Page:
Recently an article came into our editorial department from the "Publishing Executive" December 2008 issue about luring readers into actually reading your content. These are things to avoid. I thought I would share them with you. Whether you write fiction or magazine articles, they can apply.
Rule 1: Give'em more, more, more: Readers will decide to look at it later and we all know what later means.
Rule 2: Test-heavy means that's where the good stuff is: Too much text is certain death.
Rule 3: This issue is great: Readers take just 2-5 seconds to decide to read a page or not. (Terri's note: This is very true in descriptive heavy fiction.)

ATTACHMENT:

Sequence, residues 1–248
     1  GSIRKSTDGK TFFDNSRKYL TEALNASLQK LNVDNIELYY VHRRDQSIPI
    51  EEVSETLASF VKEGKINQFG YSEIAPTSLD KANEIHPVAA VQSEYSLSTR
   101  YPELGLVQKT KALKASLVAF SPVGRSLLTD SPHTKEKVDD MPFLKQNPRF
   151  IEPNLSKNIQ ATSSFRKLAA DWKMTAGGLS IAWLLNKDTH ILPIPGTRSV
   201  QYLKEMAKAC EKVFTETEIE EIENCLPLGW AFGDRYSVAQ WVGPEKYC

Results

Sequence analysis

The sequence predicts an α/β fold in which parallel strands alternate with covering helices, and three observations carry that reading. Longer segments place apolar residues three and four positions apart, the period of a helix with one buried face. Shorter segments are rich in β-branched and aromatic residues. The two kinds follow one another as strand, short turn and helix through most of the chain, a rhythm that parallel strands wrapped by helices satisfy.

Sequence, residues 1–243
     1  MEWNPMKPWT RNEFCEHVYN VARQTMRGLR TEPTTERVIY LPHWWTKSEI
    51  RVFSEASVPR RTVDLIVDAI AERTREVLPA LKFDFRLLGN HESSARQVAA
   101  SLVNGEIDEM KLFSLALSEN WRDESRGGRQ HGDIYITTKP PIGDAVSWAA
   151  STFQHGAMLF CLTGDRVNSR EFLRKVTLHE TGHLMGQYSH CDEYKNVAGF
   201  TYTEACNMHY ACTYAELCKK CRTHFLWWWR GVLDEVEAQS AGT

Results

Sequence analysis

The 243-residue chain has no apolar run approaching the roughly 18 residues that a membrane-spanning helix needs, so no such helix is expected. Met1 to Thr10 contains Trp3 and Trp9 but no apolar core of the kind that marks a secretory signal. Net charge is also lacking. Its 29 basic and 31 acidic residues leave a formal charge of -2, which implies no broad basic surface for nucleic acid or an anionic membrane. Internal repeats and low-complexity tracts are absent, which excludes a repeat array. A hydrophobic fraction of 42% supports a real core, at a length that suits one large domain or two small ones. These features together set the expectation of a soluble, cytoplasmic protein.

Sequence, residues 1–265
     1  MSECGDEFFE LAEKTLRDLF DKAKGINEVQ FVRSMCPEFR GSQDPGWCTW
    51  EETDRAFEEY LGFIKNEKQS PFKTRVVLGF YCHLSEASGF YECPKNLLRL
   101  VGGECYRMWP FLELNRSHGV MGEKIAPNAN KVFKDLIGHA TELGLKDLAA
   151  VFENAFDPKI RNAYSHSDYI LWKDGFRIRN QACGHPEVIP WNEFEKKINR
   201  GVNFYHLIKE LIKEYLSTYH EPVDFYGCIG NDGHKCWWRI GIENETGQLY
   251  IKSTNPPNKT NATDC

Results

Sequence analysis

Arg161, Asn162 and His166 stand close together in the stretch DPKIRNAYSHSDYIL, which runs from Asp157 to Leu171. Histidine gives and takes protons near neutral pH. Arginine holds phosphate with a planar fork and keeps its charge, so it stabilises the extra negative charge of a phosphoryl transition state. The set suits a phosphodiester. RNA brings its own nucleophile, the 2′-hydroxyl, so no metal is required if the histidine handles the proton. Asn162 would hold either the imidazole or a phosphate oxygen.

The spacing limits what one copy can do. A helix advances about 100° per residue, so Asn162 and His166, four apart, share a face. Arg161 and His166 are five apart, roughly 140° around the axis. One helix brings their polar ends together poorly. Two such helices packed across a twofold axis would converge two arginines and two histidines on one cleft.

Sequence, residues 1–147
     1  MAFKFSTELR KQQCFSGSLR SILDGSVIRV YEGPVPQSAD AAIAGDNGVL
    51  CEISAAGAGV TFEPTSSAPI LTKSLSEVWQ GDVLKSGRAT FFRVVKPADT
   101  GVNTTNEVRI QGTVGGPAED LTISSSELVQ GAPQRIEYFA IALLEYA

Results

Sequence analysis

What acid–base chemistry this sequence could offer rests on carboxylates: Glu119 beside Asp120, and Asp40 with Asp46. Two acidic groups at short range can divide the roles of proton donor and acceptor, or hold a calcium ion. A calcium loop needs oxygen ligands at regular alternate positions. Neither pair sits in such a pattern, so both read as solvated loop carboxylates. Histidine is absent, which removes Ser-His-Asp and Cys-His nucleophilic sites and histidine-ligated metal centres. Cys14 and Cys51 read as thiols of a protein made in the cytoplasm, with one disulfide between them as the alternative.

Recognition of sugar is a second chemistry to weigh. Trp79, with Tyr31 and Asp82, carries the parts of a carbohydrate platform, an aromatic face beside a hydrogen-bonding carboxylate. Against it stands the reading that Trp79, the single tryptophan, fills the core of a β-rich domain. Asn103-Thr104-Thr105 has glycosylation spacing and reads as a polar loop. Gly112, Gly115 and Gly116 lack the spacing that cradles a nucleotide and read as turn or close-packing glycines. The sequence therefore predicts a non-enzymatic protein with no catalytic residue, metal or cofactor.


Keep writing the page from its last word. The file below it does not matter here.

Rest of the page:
Rule 4: I'm not an artist: Think of your text as speaking. We stress what's worth stressing by our diction...do so in your writing.
Rule 5: Make headlines bigger: A small font in the same amount of space can be a big attention grabber. It says I'm important, look at me.
Rule 6: Headlines are the most important: Actually, captions are the most important. The photos draw the eye, the captions draw the interest.
Rule 7: Visual "wow": Be suspicious of visual fireworks, whizzbang, color, weird layouts and peculiar typefaces. They take away from the meat and become a "show" unto themselves.
Rule 8: The more color, the better: Never consider one page as individual, view it as part of a whole.
Rule 9: Design isn't critical: Think of it as editorial tool revealing content, organizing sequence, guiding the reader.
How do you feel about these rules?